If something is worrying you about the signs in this result for the maximum stress, read this paragraph: if not, ignore it. You may be concerned that the top of the beam is defined by u = +h/2 but this gives a negative stress (that is a compressive stress instead of a tensile stress) when substituted into equation 6. The reason is that the equations in post 21.19 were derived for a downward (negative) slope of the curvature; the way I have defined the coordinate system here, the slope is in the opposite direction. Then we need to replace (d2y/dx2) in equation 1 by -(d2y/dx2).

2 A beam evenly loaded along its length

Here, I am thinking about a beam supported at both ends, like the second picture in post 21.17 but now the force F is not applied at the centre but evenly along the length of the beam. The modulus of this force, for a unit length of beam is them f = F/L where L is the length of the beam. For a uniform beam the modulus of reaction force at each support must be identical and equal to F/2. The pattern of loading and, therefore, the geometry of the beam when it bends on the right-hand side must be the mirror image of the left-hand side. The beam is shown in the picture above but I have not tried to represent the curvature of the bent beam because it is very small; this curvature is exaggerated in the third picture of post 21.17.

The picture above shows the left-hand side of the beam. I am now going to define the origin, O, of my Cartesian coordinate system at the centre of the cross-section of the beam immediately above the support; the x and y-axes are defined as in example 1. I am going to consider a cross-section of the beam that contains the point P that has coordinates (x, y). The reaction force at the support is equal to F/2 = fL/2; it exerts a clockwise (by convention negative) torque on P of –fLx/2. There is also a force fx that creates a torque on P in the opposite direction. This force acts evenly along the length x of the beam between O and P. It is equivalent to a force fx acting at the centroid of part of the beam between O and P, that is at a distance x/2 from O. The torque exerted by this force is fx2/2. So, the total force exerted on P is fx2/2 – –fLx/2. For the cross-section of the beam that contains P to be in equilibrium, it must exert a torque of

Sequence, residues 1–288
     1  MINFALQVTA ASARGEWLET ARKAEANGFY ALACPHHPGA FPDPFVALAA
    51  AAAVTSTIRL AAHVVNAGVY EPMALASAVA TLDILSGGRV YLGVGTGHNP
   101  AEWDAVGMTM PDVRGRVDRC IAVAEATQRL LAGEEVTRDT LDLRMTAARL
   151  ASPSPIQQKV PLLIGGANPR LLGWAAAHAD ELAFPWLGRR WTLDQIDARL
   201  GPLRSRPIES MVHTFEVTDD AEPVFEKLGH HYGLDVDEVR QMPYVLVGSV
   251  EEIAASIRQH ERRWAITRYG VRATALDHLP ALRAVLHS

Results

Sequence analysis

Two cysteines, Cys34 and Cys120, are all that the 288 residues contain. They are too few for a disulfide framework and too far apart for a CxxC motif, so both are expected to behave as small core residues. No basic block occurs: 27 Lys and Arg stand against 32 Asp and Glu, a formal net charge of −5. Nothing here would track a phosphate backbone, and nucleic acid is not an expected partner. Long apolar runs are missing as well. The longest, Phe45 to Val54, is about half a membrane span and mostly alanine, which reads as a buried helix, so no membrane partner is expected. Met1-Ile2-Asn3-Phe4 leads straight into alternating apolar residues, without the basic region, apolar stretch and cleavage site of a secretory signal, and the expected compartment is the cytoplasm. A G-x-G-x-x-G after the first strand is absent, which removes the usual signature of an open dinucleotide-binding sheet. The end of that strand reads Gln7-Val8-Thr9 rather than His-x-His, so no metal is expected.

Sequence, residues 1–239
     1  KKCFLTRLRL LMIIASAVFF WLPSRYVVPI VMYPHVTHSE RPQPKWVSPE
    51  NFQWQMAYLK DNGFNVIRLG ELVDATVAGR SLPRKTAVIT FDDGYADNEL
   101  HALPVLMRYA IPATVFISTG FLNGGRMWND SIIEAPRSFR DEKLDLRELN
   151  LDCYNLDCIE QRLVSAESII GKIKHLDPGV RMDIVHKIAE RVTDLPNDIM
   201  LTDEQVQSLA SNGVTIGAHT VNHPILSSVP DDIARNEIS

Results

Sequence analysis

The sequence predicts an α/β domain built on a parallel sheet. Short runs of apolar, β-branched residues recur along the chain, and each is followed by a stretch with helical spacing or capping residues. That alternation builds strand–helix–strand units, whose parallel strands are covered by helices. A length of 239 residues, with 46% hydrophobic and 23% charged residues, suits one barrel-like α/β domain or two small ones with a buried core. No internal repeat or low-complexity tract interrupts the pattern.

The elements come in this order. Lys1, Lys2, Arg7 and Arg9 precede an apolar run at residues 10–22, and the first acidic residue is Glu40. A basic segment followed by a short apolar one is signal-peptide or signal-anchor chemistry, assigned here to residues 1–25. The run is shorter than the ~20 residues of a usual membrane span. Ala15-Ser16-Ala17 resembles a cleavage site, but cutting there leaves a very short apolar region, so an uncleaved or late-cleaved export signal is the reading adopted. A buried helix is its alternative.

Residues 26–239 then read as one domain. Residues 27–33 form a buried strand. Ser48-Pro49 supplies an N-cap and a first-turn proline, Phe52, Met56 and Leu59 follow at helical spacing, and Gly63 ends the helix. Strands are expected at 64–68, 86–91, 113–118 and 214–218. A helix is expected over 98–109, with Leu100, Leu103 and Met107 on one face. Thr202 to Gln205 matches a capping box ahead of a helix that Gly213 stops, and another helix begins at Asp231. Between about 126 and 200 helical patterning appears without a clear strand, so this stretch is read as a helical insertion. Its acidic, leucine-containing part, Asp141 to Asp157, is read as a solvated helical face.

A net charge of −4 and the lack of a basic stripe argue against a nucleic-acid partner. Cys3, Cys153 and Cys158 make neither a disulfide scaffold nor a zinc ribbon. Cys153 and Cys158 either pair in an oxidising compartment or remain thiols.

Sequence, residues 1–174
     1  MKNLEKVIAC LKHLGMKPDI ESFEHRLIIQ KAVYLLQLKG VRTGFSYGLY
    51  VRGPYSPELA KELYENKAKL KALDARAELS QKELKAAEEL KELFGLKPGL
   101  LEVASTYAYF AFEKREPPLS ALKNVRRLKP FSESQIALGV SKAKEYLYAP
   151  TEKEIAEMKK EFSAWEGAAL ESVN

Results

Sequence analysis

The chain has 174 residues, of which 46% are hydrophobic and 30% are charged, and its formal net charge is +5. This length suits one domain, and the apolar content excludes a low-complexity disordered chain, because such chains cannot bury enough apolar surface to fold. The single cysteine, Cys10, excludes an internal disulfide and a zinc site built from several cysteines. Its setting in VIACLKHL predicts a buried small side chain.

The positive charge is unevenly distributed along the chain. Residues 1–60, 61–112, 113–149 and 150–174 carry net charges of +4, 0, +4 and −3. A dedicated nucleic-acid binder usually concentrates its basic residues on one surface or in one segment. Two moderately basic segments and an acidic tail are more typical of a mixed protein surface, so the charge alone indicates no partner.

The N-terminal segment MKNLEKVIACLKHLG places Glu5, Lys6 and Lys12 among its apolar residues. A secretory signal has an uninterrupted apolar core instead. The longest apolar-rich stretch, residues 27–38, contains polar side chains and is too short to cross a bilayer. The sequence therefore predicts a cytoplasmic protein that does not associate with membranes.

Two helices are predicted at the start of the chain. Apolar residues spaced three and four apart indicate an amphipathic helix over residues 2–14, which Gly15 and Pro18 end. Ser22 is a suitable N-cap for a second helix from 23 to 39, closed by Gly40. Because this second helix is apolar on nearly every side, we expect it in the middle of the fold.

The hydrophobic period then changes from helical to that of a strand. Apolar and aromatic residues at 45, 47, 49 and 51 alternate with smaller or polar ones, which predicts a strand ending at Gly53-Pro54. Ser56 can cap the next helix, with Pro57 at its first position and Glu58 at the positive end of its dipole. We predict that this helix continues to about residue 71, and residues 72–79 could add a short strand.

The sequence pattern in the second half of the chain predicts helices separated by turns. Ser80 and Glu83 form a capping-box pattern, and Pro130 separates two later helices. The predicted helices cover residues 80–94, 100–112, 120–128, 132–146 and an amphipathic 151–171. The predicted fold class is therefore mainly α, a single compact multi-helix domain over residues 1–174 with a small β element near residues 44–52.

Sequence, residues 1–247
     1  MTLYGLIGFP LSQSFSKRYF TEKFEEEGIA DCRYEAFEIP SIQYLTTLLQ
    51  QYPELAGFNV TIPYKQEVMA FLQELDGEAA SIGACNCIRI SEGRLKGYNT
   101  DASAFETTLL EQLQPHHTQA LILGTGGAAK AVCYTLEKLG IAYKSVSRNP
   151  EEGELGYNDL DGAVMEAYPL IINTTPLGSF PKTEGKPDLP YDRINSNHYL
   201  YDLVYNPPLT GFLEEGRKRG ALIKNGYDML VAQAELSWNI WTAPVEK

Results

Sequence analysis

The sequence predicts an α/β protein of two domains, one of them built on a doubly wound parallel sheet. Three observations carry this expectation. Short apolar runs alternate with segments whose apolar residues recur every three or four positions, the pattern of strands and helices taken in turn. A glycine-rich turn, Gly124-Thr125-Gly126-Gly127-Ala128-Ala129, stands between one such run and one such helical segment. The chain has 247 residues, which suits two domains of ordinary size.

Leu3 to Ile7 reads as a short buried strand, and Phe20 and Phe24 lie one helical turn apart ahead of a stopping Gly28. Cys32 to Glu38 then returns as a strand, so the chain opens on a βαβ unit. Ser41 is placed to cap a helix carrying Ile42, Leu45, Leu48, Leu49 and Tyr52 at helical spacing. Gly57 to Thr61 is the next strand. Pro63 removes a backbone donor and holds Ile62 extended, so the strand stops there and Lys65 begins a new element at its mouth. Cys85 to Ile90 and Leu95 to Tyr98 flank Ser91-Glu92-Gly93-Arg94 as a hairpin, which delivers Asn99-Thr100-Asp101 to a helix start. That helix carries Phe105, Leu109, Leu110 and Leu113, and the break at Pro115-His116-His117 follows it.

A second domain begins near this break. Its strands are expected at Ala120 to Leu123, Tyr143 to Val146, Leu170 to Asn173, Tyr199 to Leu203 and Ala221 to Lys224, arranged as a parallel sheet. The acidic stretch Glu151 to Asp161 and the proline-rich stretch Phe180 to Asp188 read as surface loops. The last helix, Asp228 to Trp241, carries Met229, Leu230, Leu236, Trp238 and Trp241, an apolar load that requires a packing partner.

T = – fx2/2 + fLx/2 = f(Lxx2)/2.

Substituting this result into equation 2 gives

EI(d2y/dx2) = f(Lxx2)/2                    (7).

As in example 1, we integrate equation 7 to get

EI(dy/dx) = fLx2/4 – fx3/6 + C’.                     (8)

where C’ is a constant of integration. When the beam bends, its curvature must pass through a minimum at the centre – see the third picture is post 21.17 remembering that the beam is symmetric about its centre. So, we can apply the boundary condition that (dy/dx) = 0 when x = L/2 with the result that

0 = (fL/2)(L/2) – (f/6)(L/2)3 + C’.

If you have managed to follow this up to here, you will be able to do a bit of algebra to show that

C’ = fL3/24.

Substituting this result into equation 8 gives

EI(dy/dx) = fLx/2 – fx3/6 – fL3/24.

Integrating again gives

EIy = fLx2/4 – fx4/24 – fL3x/24 + K’                    (9)

where K’ is a constant of integration. When x = 0, y = 0 so that

0 = 0 + 0 + 0 +K’ so that K’ = 0.

Substituting this result into equation 9

EIy = (fx/24)(2Lx2x3L3).

When we found a value for C’, above, we saw that the maximum deflection of the beam (the point where its curvature passes through a minimum) occurs when x = L/2. Substituting this value for x into the equation above gives a maximum deflection of

y’ = (fL/48)(1/EI)(L3/2 – L3/8 – L3) = (fL/348)(5L3)(1/EI) =(5FL3)/(384EI).

This result is stated, without proof, in equation 4 of post 21.17.

From equations 1 and 7, the stress in the beam is given by

σ = [(Eu)/(EI)](fLx/2 – fx2/2) = [(fu)/(2I)](Lxx2)

The maximum stress in the beam is given where the strain is maximum, that is where the deflection is maximum (x = L/2) and when u = h/2, for the reason given in example 1. Substituting these vales into the equation above gives

σmax = [(fh)/(4I)][L(L/2) – (L/2)2) = (fhL2)/(16I) = (FLh)/(16I).

This result is stated, without proof, in equation 4 of post 21.17.

This post and post 21.19 show that a lot of thought is needed to understand something as apparently very simple as the deflection and stress in a beam.